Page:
Some courts have recognized that section 1692f(8) was enacted to prevent embarrassment to consumers, and language or symbols that do not disclose the collection purpose of a letter are “benign” and do not violate the statute.  For example, in Strand v. Diversified Collection Servs., Inc., 380 F.3d 316 (8th Cir. 2004), plaintiff argued that defendant’s envelopes violated section 1692f(8) because they “included the terms ‘D.C.S., Inc.’ above the return address, ‘PERSONAL AND CONFIDENTIAL’ in capital boldface type, and ‘IMMEDIATE REPLY REQUESTED’ in capital reverse typeface” along with an image of the company’s logo “depicting a grid with an upward-pointing arrow and the initials ‘DCS.’”  Id. at 317.  The Court stated: “We first observe Ms. Strand invites us to read § 1692f(8) to create bizarre results likely beyond the scope of Congress's intent in enacting the statute.  Under her literal reading of § 1692f(8), a debtor's address and an envelope's pre-printed postage would arguably be prohibited, as would any innocuous mark related to the post, such as ‘overnight mail’ and ‘forwarding and address correction requested.’”  Id. at 318.  The Strand Court relied upon legislative history indicating that section 1692f(8) was designed to prevent disclosure that the letter pertains to debt collection as well as FTC Staff Commentary stating that words like “Personal” or “Confidential” on an envelope would not violate the statute.  Id. at 319.  The Court held, as a matter of law, “the language and symbols were benign because they did not, individually or collectively, reveal the source or purpose of the enclosed letters.”  Id. 

            Consistent with Strand, other courts have recognized the “benign language” exception to section 1692f(8).  See, e.g., Goswami v. American Collections Enter., Inc., 377 F.3d 488, 492 (5th Cir. 2004) (envelope with half-inch thick blue bar across front and words “Priority Letter” in white did not violate section 1692f(8), because subsection “only prohibits markings on the outside of envelopes that are unfair or unconscionable, such as markings that would signal that it is a debt collection letter and tend to humiliate, threaten, or manipulate debtors.”); Johnson v. NCB Collection Servs., 799 F. Supp. 1298, 1305 (D. Conn. 1992) (no violation to use terms “Revenue Department” and “Personal and Confidential” on envelope: “Nothing in the innocuous designation of ‘Revenue Department’ distinguishes the letter from other permissible forms of correspondence such as direct billings from creditors for debts not yet past due. The mere use of the departmental designation ‘Revenue Department’ in the return address of a collection notice is simply not the type of abusive collection practice that the FDCPA was intended to reach.”); Lindbergh v. Transworld Sys., Inc., 846 F. Supp. 175, 180 (D. Conn. 1994) (envelope with symbol comprised of blue stripe and the word “TRANSMITTAL” did not violate section 1692f(8), because symbol did not pertain “to debt collection in any way” and the “mechanical interpretation of section 1692f(8)” would not comport with the structure or purpose of the FDCPA); Masuda v. Thomas Richards & Co., 759 F. Supp. 1456, 1466 (C.D. Cal. 1991) (envelope containing notice that theft of mail or obstruction of delivery is federal crime, as well as words “PERSONAL & CONFIDENTIAL” and “Forwarding and Address Correction Requested” did not violate section 1692f(8): “Congress' interest in protecting consumers, however, would not be promoted by proscribing benign language.”).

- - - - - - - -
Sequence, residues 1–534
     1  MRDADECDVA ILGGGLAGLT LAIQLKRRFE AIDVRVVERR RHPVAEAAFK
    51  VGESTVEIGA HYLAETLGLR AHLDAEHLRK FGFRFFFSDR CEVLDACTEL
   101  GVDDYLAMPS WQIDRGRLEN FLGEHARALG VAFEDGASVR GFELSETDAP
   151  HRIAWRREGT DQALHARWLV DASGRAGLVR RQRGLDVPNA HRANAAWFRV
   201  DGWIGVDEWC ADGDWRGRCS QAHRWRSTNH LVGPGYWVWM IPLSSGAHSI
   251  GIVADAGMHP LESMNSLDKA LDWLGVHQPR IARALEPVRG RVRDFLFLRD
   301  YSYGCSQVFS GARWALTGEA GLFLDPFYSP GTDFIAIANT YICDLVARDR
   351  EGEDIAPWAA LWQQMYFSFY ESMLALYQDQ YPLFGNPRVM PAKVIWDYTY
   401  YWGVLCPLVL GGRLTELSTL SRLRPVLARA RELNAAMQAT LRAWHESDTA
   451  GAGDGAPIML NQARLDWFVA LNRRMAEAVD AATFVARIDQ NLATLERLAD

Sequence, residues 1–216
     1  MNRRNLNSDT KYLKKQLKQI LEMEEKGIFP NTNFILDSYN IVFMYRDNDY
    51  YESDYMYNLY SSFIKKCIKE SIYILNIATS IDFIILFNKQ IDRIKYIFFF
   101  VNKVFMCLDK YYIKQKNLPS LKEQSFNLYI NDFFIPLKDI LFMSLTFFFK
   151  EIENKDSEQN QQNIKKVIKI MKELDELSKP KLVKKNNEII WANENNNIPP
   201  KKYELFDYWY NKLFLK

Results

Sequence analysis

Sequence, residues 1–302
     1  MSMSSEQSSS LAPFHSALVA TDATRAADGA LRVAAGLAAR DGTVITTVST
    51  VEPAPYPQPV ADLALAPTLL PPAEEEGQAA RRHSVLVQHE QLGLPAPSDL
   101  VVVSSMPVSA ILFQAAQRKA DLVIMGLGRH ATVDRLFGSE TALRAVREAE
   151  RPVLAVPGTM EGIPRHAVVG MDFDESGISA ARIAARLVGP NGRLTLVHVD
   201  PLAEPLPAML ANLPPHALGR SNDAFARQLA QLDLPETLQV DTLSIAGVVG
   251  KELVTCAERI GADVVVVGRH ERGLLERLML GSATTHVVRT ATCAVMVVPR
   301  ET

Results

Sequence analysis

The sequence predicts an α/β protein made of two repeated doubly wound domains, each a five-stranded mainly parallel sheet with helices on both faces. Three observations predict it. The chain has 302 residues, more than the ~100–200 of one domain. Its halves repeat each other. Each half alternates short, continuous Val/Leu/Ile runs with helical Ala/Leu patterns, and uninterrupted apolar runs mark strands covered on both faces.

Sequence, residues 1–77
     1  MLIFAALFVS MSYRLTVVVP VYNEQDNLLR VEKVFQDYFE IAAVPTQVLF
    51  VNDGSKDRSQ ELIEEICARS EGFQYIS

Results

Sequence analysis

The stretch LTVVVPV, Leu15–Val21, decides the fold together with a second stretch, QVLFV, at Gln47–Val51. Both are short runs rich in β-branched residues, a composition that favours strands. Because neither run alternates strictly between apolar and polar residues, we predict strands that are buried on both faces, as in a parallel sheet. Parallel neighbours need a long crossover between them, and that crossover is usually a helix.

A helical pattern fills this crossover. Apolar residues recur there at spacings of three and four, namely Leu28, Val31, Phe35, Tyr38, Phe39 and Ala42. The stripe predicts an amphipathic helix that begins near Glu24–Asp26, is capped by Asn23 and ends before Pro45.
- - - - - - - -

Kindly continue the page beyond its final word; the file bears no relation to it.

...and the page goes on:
It is risky to rely on the “benign language” exception.  Many courts have never formally recognized the exception, or have held that the words or symbols used by the collector did not fall within it.  For example, in Douglass v. Convergent Outsourcing, 765 F.3d 299 (3d Cir. 2014), the Court held the collector violated section 1692f(8), because the debtor’s account number was visible through the window of the envelope.  The Court declined to adopt the “benign language” exception, noting that the language of section 1692f(8) was “unequivocal.”  Id. at 303.  Even if a “benign language” exception existed, however, the Court held disclosure of the account number was not benign, because it “implicates a core concern animating the FDCPA – the invasion of privacy.”  Id.  The Douglass Court summarized:  “The account number is a core piece of information pertaining to Douglass's status as a debtor and Convergent's debt collection effort.  Disclosed to the public, it could be used to expose her financial predicament.  Because Convergent's disclosure implicates core privacy concerns, it cannot be deemed benign.”  Id. at 303-04; see also Peter v. GC Servs. L.P., 310 F.3d 344, 352 (5th Cir. 2002) (envelope containing words “US Department of Education. . . . Official Business.  Penalty for Private Use $300" violated section 1692f(8):  “We do not need to reach the issue of whether § 1692f(8) implicitly includes an exemption for benign language, since the Defendants' impersonation of the Department of Education is certainly not benign.”); Kryluk v. Northland Group, Inc., 2014 WL 6676728, *11 (E.D. Pa. Nov. 21, 2014) (granting consumer leave to amend complaint to add section 1692f(8) claim where account number was visible through envelope’s window); Voris v. Resurgent Capital Servs., LP, 494 F. Supp. 2d 1156 (S.D. Cal. 2007) (envelope with words “return service requested” and “You are Pre-approved* See conditions inside” may violate section 1692f(8) by causing debtor to discard envelope without reading section 1692g notice inside:  “[I]f printed language on an envelope causes a debtor damage, loss of rights, or other harm, the language is not benign.”).

            Have you looked closely at your collection envelopes lately?  Given the renewed focus on section 1692f(8) claims, now is probably a good time to ensure that your envelopes do not have any language or symbol on them that may run afoul of the Act.